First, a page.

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Published November 1st, 2017
Lafayette experiences art on the cutting edge with Art Moves Project
Dancers perform Oct. 20 at the Coffee Shop on Lafayette Circle. Photo Sophie Braccini

Something new and fresh recently swept into Lafayette Circle like an invigorating breeze.
People sitting at the outside tables under the trees at the Coffee Shop, as well as passersby, suddenly became a part of a live art experience, which combined visual art and dance. It lasted for 20 minutes and then it was gone. Ravishing, surprising, thought provoking. "Edifice: Uncovered" was a gift to the community Oct. 20 as part of the Art Moves Project, led by three Lafayette artists, and supported by several local organizations.
Yukie Fujimoto, Christy Mack and Lissa Resnick met through their kids' schools and swim teams, and were part of parents-led activities before they realized they had a passion in common: art.
Fujimoto is a dancer and teacher, Resnick is a choreographer, and Mack is an art activist and supporter. They all expressed the same regret that they were able to practice and create art outside of their Lamorinda community, but that nothing really cutting edge was happening here in terms of events. They decided to take it into their own hands.
The idea is to create a live art experience in a public space, combining different art forms. The public is invited to witness and enjoy the art, but also to participate. At the Coffee Shop people were offered paper and pens to express their emotions and thoughts after the performance on a writing wall.
This first public event created a dynamic between visual artist Marcia Barrow Taylor and Resnick's No Strings Attached Dance Company. Their work delved into "What's Inside?" Barrow Taylor is a fiber artist who created a life-size paper mannequin and an intricate yarn display for the performance. The dancers, following Resnick's choreography appropriated and incorporated the displays in their movements, while modern and evocative music played. The ensemble of 10 dancers expressed a quest and a struggle, looking behind appearances.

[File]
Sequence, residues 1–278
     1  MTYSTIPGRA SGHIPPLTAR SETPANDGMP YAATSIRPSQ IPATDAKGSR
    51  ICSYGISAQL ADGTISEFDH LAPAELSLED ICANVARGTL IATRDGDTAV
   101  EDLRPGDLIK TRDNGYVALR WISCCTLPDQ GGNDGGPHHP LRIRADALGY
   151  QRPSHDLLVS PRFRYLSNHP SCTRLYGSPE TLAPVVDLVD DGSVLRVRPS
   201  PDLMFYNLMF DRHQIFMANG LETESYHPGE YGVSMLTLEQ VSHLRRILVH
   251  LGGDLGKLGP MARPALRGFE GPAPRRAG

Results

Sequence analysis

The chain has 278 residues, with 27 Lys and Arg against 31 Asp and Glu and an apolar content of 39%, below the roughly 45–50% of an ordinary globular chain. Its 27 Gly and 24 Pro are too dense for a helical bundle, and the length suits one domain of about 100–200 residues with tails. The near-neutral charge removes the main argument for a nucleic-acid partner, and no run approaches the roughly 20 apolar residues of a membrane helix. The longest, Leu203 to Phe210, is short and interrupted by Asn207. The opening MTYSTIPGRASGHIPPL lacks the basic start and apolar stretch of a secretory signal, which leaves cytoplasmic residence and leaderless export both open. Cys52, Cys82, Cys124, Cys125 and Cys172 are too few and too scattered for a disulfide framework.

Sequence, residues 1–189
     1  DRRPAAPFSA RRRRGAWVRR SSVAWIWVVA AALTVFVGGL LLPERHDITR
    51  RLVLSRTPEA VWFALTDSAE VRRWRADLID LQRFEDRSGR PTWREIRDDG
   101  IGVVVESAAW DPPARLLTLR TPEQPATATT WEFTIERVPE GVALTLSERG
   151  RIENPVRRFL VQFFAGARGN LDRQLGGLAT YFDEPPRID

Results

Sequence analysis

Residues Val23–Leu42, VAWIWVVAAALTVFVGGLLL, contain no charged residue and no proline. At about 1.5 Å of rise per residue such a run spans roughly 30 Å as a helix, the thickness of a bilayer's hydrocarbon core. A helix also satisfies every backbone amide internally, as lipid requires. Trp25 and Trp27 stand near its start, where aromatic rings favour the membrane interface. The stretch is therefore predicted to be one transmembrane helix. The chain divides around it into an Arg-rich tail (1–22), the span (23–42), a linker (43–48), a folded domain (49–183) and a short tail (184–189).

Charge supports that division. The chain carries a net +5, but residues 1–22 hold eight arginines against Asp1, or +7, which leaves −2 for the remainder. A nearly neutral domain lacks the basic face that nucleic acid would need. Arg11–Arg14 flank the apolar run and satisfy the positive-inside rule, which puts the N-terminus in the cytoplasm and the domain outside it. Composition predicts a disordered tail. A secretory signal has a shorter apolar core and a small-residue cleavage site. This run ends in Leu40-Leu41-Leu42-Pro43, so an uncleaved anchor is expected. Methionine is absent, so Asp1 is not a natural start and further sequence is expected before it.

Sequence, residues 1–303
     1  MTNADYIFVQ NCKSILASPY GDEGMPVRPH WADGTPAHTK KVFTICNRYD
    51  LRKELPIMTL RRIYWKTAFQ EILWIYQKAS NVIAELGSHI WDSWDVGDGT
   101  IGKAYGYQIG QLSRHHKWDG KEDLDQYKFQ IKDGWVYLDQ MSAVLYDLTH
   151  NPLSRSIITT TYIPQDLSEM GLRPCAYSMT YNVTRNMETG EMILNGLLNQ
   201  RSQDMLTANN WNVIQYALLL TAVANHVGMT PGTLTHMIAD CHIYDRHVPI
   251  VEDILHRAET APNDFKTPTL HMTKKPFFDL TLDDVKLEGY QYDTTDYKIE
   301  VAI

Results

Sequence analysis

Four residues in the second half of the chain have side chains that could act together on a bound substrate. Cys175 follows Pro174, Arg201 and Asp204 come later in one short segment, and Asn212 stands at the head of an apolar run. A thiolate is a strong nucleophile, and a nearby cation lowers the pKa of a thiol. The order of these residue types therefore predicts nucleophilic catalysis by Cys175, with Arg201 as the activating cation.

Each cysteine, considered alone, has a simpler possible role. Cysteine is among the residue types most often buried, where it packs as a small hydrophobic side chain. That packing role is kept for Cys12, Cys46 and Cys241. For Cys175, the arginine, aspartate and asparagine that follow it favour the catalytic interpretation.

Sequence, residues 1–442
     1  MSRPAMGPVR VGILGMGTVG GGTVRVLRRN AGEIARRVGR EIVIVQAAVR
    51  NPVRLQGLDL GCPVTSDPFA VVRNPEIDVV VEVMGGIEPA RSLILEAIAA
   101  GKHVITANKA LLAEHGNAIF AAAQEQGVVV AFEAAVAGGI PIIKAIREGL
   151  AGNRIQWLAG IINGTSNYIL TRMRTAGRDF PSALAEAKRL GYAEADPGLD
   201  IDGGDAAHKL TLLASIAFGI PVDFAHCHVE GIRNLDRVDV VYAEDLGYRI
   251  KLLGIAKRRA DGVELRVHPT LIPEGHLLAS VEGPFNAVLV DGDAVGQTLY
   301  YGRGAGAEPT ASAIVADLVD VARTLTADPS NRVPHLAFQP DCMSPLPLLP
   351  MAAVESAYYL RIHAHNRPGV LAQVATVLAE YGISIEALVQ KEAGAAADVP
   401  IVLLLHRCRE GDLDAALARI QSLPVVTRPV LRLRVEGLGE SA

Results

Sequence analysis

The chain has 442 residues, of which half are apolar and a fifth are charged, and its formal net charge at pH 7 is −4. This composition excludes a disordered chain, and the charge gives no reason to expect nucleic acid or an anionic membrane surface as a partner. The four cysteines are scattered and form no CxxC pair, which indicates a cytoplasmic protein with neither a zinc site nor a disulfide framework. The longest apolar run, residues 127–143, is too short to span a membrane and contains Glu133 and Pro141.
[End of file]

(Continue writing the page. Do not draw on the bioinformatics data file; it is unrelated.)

It was both unsettling and moving to be so close to the artists, feeling their emotions, sensing the work and the gracefulness, immersed in beauty.
Fujimoto, Mack and Resnick were pleased to see how many people came. Some knew this was going to happen, others just stopped, intrigued by the preparations.
Lots of work, of course, went on before the performance. First the three women needed to raise the money to make it happen, adamant that the artists should be paid for their work. AMP is supported by the Lamorinda Arts Council's Arts Incubator Program, the Lafayette Community Foundation and private donors. Last May, a similar event was performed at a private residence as a fundraiser.
The three founders discovered that many local actors, involved or not in the arts, were behind the project. The owner of the Coffee Shop at 50 Lafayette Circle saw the ladies exploring the site one day gave and them free access; Jennifer Perlmutter, who owns an art gallery on Mt. Diablo Boulevard, put Mack in touch with Lawrence Kohl, the president of LAC that became the project's fiscal sponsor.
"The AMP performance at the coffee shop took me away for a brief period of time. The choreography held a strong narrative for me and following the dancers and artist, I was transported," said Perlmutter afterward. "This experience was a gift to guests and even better when simply stumbled upon in the middle of your day. It is transformative to witness art in action!"
Fujimoto, Mack and Resnick also found an early supporter in Jay Lifson at the Chamber of Commerce; Tom Taneyhill on the Lafayette Public Art Committee shared information about the Lafayette public art scene; the Art Room across the street from the café gave the space for the dancers to get ready; the Coffee Shop gave 10 percent of its proceeds during and after the event to the project.
The Art Moves Project ladies say that they will look for grants for the next event. For more information, visit www.lamorindaarts.org/artsincubator or the AMP Facebook page at www.facebook.com/ArtMovesProject.

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